Going forward, Africa needs to seize the opportunity offered by renewable energy and the promise of the fourth industrial revolution to rapidly improve productivity growth and to provide many more jobs. But how can that be achieved in a global economic environment where Africa is becoming more, not less, dependent on the export of commodities and where the contribution of its small but growing labour force (as a portion of the total population) is likely of declining value? And all of this while growth of the manufacturing sector is constrained by the fact that Southeast Asia has become the world’s factory.
Whereas manufacturing is often referred to as the automatic escalator that lifts countries to higher levels of productivity, Africa appears to be embarking on a low-productivity services and commodity escalator. Africa’s services escalator does go upward, but only slowly while the manufacturing window is closing. In addition, it has become much harder to establish export manufacturers as the entire sector is shrinking worldwide and competition is fierce.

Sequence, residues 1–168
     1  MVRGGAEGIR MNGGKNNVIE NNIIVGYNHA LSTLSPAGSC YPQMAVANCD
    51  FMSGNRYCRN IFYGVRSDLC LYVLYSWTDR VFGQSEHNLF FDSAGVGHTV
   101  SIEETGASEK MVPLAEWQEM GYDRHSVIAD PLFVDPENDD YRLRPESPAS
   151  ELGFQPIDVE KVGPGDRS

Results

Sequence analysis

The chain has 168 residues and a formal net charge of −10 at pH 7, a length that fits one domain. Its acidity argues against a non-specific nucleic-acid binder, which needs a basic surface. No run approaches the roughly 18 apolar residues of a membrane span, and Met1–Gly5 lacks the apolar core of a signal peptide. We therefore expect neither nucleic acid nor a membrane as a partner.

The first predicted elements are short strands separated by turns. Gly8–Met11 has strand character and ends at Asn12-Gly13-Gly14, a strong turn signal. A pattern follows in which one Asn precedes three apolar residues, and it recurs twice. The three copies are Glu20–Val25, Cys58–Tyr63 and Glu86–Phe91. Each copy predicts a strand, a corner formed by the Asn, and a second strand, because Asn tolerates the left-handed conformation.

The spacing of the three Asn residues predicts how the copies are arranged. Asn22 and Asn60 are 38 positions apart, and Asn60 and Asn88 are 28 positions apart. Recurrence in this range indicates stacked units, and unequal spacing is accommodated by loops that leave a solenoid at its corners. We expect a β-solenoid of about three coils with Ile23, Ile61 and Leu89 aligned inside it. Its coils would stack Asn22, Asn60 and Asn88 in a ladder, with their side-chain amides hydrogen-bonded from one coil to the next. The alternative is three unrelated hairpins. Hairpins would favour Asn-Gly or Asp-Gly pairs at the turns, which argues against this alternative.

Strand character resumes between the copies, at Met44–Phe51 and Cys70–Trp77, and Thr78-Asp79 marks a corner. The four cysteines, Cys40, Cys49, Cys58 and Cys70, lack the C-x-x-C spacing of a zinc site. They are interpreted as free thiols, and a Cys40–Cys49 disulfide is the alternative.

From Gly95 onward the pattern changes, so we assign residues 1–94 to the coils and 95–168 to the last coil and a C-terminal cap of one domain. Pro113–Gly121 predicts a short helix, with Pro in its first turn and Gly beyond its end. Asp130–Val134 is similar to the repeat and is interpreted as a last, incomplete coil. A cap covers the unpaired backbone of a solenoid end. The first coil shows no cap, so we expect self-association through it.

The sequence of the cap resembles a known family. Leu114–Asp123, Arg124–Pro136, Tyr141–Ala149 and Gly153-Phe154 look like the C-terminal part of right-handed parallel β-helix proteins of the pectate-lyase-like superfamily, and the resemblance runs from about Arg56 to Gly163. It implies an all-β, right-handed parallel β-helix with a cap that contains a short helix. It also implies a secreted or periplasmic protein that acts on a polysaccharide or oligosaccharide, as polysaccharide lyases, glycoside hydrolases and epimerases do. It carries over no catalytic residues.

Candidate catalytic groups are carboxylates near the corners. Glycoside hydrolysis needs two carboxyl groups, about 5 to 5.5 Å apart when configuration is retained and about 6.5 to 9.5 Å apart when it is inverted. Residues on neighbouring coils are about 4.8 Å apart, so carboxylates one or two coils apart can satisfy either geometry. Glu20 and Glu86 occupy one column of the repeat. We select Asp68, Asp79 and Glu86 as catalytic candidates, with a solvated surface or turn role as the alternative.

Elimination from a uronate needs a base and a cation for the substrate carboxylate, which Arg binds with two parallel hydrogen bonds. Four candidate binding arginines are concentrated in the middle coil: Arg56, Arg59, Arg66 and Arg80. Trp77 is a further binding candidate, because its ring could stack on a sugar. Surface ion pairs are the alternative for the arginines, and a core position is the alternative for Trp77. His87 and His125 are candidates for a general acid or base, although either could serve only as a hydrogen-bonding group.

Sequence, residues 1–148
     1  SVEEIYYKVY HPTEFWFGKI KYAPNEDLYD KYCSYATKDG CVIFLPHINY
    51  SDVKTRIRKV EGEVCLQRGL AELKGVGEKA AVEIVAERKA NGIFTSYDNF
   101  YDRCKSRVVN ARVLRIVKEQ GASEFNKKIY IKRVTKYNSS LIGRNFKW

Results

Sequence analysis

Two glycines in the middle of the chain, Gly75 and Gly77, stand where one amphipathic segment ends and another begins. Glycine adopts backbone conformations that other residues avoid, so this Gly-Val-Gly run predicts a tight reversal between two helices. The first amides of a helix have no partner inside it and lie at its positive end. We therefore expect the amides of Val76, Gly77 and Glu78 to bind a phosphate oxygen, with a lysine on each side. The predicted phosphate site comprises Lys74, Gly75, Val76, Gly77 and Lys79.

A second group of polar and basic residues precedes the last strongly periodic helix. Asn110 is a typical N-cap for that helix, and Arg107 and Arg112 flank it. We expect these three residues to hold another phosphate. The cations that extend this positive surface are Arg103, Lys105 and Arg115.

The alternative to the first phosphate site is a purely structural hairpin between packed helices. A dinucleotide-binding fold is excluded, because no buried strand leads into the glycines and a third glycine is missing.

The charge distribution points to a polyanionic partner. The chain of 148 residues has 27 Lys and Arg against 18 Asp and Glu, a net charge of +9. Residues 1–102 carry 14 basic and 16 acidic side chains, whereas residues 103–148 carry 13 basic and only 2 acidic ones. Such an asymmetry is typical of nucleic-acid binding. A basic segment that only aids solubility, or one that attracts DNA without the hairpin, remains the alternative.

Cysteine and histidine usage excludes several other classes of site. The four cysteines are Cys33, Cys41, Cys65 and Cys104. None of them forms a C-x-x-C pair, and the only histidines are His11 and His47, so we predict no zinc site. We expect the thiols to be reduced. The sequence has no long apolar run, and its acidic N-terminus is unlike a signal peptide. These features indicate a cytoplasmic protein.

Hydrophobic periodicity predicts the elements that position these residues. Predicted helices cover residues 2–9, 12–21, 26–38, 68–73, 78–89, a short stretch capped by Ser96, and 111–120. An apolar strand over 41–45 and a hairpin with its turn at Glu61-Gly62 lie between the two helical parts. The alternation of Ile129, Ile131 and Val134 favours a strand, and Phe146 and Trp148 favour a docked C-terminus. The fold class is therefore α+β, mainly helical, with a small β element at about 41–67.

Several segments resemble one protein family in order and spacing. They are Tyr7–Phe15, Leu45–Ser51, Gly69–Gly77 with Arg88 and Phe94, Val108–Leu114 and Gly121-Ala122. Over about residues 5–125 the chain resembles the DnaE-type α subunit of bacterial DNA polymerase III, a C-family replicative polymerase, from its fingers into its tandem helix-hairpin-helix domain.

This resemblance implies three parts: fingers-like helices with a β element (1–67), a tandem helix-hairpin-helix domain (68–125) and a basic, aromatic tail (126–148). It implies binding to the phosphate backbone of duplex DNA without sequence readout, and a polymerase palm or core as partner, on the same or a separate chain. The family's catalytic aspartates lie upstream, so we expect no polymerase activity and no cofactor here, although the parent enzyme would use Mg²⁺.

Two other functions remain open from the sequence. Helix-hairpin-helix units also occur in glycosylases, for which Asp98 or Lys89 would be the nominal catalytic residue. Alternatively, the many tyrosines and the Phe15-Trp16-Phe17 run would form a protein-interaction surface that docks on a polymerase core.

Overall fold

Africa’s structural transformation from low-productivity, often subsistence agriculture to low-productivity, urban-based retail services in the informal sector has therefore been growth reducing rather than productivity improving. This is largely because the share of workers employed in higher-productivity sectors such as manufacturing is declining, resulting in a drop of the average growth output per worker.Footnote 13
The Global Context
The challenge of the growing divergence between Africa and the rest of the world is reflected in Africa’s marginal role in the global economy. In 1960, Africa accounted for 3% of the global economy. Sixty years later that share has increased to 4% despite the fact that Africa’s share of the global population almost doubled from 9 to 17%. Compare this to East Asia and the Pacific, a region that increased its share of global economic output from about 11% in 1960 to more than 30% today. East Asia’s share of the global population, on the other hand, has shrunk from 34 to 30% during this period pointing to its much more productive economies.